Emotional and Mental Work
I am weary to my bones and to my soul. As the spoonies say, I’m so out of spoons I can’t eat soup.
Physically, I haven’t done that much to wear myself out. A little light housecleaning. Running some errands. Answering emails and making phone calls. No heavy lifting, unless you count the time I had to help my husband push the washer back into place.
No, the heavy lifting I have been doing is emotional and mental. Make no mistake, that is work and it is exhausting. I am responding to a physical and emotional crisis that happened almost exactly a month ago. After the disaster (a tornado destroyed our house), my husband has done almost all of the physical heavy lifting.
The mental work is stuff that I’m easily capable of doing on a good day: dealing with bureaucracy, organizing the trivia of paperwork and daily life, paying bills, etc. Now, however, there is so much of it to deal with that I am falling behind. I haven’t kept up with sorting our receipts. I haven’t returned the phone call about the hole the cable guy made in the wall. I haven’t even listened to the voice mail about it. I haven’t responded to a friend’s request to look over an official letter she is writing.
The emotional work is entirely different. My husband is dealing with issues of grief, loss, and anger regarding the loss of our house and our possessions. Somewhere inside, I must be having similar feelings, but his are closer to the surface and he is able to express them more.
And I am having some difficulty dealing with this. First of all, angry men distress me, even if I’m not the object of their anger. It’s a throwback to other times and other relationships, a button that was pushed and has stayed mostly stuck in that position. Dan is doing his best to accommodate this quirk, trying to keep his voice down and his conversation rational when we speak of it. But I hear him when he is alone in his study, bellowing or wailing in emotional pain about something I do not fully understand.
My husband and I are operating from different places, with differing agendas, regarding the loss of our house and belongings. He invests his memories and emotions in things much more than I do. I look at what can be replaced and he looks at the irreplaceable — artifacts from his trips to Africa and Israel, for example. Those can’t even have a price put on them and there is no way to replace them. His grandfather’s diamond ring could be physically replaced, but not the sentimental value he attaches to it.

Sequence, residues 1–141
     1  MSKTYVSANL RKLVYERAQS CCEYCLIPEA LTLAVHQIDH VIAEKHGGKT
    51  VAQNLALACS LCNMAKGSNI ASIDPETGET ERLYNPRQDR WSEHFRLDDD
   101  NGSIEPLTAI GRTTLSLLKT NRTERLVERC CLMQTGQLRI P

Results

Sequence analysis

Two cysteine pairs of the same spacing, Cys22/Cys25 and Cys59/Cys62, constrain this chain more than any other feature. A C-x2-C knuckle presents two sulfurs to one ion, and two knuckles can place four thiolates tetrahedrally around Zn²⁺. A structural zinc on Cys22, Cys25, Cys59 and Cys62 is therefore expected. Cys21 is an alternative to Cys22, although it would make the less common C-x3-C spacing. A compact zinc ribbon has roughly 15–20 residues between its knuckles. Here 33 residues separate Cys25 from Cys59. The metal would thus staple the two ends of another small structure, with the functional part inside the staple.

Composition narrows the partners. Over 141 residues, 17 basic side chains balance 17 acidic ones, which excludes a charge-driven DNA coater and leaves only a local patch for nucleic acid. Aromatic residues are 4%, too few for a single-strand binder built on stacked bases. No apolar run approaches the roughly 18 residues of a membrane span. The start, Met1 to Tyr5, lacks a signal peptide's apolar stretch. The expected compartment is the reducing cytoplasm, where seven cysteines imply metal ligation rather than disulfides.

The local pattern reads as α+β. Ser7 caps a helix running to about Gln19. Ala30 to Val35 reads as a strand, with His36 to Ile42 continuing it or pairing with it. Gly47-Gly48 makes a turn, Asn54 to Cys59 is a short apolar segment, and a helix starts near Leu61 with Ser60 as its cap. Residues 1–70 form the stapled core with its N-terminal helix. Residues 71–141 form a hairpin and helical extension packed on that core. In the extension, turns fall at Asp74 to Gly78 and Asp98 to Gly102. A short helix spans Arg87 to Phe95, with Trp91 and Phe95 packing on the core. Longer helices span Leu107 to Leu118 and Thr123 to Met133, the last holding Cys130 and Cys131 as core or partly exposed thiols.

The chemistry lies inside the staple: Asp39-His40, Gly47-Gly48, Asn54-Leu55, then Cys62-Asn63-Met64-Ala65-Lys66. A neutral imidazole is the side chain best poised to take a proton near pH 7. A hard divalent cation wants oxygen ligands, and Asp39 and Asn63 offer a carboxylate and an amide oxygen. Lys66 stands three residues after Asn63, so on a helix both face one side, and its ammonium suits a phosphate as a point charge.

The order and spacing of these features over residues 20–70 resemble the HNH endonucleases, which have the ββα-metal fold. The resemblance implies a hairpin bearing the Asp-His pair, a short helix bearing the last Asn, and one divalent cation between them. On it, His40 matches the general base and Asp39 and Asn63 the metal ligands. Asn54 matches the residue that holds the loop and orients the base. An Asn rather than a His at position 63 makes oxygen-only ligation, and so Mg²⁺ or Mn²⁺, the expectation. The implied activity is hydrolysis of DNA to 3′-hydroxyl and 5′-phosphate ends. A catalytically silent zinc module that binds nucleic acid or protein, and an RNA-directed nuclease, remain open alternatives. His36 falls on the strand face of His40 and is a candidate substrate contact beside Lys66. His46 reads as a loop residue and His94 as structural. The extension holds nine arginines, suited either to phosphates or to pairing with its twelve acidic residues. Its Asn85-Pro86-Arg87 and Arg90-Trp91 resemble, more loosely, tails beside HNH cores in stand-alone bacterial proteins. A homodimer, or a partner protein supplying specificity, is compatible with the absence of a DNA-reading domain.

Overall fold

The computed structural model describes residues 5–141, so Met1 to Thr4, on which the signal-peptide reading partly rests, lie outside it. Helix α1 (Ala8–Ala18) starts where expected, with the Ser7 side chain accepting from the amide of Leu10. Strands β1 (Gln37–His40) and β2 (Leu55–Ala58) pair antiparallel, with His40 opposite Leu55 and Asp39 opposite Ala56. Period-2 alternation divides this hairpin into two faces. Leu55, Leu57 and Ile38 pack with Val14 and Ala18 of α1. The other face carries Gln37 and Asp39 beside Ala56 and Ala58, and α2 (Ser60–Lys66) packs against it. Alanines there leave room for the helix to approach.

I do understand this, though not at the gut level he does. I do (or did) have possessions that meant a lot to me — a guitar, paintings a friend did, some carvings in semi-precious stones, some photos, of course (though some are stored on my computer, which survived). And I think the salvage company did a poor job of inventorying what they had to throw away and keeping what was small but important, letting us participate in the process. But my anger doesn’t extend to revenge fantasies.
All these feelings, both expressed and unresolved, are sapping my strength and my energy. I have gone back to my therapist for reminders of my coping mechanisms and validation on what I have been able to do — and to have a safe space to vent when all of this does begin to spill over.
And now I have decided to go back to work, on a reduced schedule at least. I don’t know if this is a good idea or a bad one, but it seems a necessary one. Perhaps it will provide a missing piece of familiarity in my life, something to anchor me. Perhaps a different kind of work will distract me from what I have been dealing with.
I know there’s still a lot of emotional and mental labor to do, but with help from my husband and my therapist, I believe I will get through it, especially if I pay some attention to self-care: taking my meds regularly, sleeping and eating regularly, taking breaks when I need them, taking comfort in our cats, and trying to eat the elephant one bite at a time.
This is one of the biggest elephants I can remember, though.